Wendy Agnew


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Tell us a little about yourself – what are you passionate about?

I am passionate about many science-related areas. I love helping owners provide the best possible care and decisions for their pets in my role as a small animal veterinarian. Being able to work at a specialist practice is very rewarding, as we are able to provide the highest levels of veterinary care. Being a diagnostician is a bit like being a detective – gathering enough evidence to rule out or rule in problems that may be affecting your patient. Finding the best ways to help pets and their owners is very rewarding.

Outside of vet, I’m very interested in helping inspire students to engage with STEM subjects. I’ve loved working in science fields throughout my careers, and want to share that enthusiasm with future generations. I’ve also become a keen citizen scientist in the last few years, and am obsessed with taking photos of fascinating creatures my family and I have found around our house and neighbourhood to help contribute to the documentation of Australian biodiversity.


Where did you grow up? What is your earliest memory about science?
I grew up in the American Midwest, in the state of Wisconsin. One of my earliest memories I associate with science was building and launching model rockets at a summer school program when I was in Year 2. I loved learning how the various features of the rocket would affect its flight, and it was really cool to see it blast off into the sky then float slowly and safely back down with the parachute that was tucked away inside.

I think I’ve always been drawn to science, and remember being really excited to get a chemistry set for my birthday one year (especially lighting a stick covered in iron filings and watching it spark!), and a microscope and slides for Christmas.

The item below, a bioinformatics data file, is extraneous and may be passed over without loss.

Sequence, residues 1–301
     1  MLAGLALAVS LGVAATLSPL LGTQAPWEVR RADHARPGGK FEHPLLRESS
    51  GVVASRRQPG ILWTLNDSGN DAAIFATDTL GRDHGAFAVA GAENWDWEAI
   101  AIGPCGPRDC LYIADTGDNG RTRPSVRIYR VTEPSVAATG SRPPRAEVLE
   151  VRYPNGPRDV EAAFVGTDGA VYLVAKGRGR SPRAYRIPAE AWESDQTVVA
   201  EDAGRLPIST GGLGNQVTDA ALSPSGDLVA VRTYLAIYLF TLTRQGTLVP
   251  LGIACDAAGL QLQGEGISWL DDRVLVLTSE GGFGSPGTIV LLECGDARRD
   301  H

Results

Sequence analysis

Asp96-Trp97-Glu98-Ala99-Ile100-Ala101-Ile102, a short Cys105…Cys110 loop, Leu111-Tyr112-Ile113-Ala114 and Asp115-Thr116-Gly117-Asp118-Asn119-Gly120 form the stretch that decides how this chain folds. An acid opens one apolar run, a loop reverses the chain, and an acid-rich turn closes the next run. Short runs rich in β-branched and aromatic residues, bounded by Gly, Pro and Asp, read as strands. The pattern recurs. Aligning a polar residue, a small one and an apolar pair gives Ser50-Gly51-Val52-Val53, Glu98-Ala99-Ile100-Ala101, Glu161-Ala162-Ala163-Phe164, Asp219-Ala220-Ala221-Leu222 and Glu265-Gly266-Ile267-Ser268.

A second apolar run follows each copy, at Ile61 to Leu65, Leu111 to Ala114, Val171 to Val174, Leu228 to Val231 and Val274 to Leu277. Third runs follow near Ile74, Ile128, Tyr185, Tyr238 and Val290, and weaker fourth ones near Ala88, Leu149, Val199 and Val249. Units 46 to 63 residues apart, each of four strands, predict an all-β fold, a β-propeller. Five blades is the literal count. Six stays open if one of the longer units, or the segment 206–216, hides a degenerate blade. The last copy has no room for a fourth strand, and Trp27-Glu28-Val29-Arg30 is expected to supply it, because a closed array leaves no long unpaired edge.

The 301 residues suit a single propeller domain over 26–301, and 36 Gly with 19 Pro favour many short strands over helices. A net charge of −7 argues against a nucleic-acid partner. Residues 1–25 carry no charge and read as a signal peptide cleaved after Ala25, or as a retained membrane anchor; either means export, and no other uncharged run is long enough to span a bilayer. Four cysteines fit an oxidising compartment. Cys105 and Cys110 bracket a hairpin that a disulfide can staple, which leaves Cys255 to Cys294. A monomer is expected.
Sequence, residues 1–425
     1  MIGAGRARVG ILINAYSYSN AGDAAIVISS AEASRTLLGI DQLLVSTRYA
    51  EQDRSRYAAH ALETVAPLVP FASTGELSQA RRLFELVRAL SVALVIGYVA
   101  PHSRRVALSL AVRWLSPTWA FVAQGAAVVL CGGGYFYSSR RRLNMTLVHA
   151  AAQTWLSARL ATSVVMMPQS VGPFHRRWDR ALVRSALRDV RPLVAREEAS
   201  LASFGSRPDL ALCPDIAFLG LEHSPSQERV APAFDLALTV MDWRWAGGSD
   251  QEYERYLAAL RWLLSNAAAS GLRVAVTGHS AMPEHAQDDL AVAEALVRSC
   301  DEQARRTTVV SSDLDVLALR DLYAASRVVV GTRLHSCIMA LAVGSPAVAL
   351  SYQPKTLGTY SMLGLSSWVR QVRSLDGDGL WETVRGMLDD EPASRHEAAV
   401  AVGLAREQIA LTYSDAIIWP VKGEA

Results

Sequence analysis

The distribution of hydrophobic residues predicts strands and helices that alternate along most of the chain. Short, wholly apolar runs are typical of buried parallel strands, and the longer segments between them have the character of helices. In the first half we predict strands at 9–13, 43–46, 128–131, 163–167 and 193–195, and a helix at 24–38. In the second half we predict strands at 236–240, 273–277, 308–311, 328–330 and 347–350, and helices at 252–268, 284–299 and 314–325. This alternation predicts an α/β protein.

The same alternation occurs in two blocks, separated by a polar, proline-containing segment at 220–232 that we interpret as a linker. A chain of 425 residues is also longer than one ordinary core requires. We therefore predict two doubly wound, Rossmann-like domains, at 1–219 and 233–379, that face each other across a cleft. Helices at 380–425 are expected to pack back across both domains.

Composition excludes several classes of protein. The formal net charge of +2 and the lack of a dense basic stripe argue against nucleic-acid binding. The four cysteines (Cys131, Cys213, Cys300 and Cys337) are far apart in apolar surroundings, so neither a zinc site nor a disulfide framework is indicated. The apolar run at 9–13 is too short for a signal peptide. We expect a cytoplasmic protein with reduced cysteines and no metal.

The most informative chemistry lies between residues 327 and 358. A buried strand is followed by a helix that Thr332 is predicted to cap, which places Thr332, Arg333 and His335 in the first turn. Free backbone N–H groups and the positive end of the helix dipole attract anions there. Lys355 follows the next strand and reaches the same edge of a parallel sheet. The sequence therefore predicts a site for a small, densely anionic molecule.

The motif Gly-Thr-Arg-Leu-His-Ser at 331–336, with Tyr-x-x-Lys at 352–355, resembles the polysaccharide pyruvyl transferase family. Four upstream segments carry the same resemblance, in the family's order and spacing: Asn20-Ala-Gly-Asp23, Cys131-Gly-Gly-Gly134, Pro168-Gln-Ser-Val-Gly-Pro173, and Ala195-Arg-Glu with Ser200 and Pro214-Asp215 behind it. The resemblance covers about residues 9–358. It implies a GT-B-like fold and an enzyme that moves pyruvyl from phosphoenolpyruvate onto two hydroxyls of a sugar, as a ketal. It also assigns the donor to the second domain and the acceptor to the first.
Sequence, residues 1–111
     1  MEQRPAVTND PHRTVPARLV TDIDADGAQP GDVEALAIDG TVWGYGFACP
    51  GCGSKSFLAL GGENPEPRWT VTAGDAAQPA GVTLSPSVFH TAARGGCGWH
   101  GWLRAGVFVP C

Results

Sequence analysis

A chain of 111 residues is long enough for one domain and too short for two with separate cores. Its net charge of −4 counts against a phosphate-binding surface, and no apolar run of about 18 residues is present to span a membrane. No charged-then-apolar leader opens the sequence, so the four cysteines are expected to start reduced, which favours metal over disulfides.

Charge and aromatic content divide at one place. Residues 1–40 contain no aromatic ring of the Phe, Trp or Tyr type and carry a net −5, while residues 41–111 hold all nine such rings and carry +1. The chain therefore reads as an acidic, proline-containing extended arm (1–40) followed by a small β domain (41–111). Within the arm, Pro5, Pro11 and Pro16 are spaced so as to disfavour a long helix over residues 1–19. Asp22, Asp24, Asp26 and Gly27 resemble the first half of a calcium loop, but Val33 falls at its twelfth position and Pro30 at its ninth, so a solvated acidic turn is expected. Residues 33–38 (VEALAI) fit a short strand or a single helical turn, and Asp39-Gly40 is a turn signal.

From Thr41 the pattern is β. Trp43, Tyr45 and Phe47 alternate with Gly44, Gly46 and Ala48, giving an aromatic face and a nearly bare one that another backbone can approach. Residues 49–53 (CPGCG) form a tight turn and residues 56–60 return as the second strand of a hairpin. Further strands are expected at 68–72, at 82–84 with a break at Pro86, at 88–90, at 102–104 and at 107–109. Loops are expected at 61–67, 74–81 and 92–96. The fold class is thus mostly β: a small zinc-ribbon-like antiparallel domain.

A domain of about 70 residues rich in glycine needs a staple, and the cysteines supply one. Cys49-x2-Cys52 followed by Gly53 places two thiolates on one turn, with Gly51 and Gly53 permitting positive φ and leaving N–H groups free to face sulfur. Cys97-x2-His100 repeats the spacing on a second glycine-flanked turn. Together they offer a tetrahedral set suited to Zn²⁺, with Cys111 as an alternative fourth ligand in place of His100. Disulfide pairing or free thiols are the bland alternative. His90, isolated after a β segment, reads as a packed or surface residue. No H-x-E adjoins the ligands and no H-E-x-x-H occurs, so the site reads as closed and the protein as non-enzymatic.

What did you do after you left school? 
After graduating from high school in Wisconsin, I attended university in Santa Cruz, California where I studied marine biology and animal physiology. I spent one year of my marine biology degree as an exchange student at the University of Queensland, and met my husband while on a marine biology field course on Heron Island. During my first degree I concentrated on marine mammal physiology and volunteered at a marine lab run by the university, training dolphins, sea lions, and sea otters.

After graduating, I got married and relocated to Australia, where I completed a Bachelor of Veterinary Science. I intended to specialise in marine mammal medicine, but ended up completing a residency in small animal (dog and cat) medicine instead, and have worked at a specialist referral clinic since as a small animal medicine veterinarian.


Why did you become a Curious Minds STEM Coach?

I became a Curious Minds STEM Coach for a few reasons. I feel really fortunate to have had as much support from my family and teachers as I did growing up, which helped me pursue my interests in science, and would love to pay some of that support forward. I’d love to help support our future STEM professionals – we need curious, problem-solving minds more than ever to help us tackle climate, health, equitability, and other challenges. And even if some of the Curious Minds students end up in non-STEM areas, improved scientific literacy and the confidence to pursue one’s interests will be a wonderful thing to contribute to as a mentor.


What advice would you give to current female students thinking of pursuing a career in STEM? 

My advice would be to continue to explore every area of interest that you can. There are so many amazing job opportunities out there, and there will continue to be more developed that we can’t even imagine yet. Don’t be afraid to try out new things, as you might just find that you love them.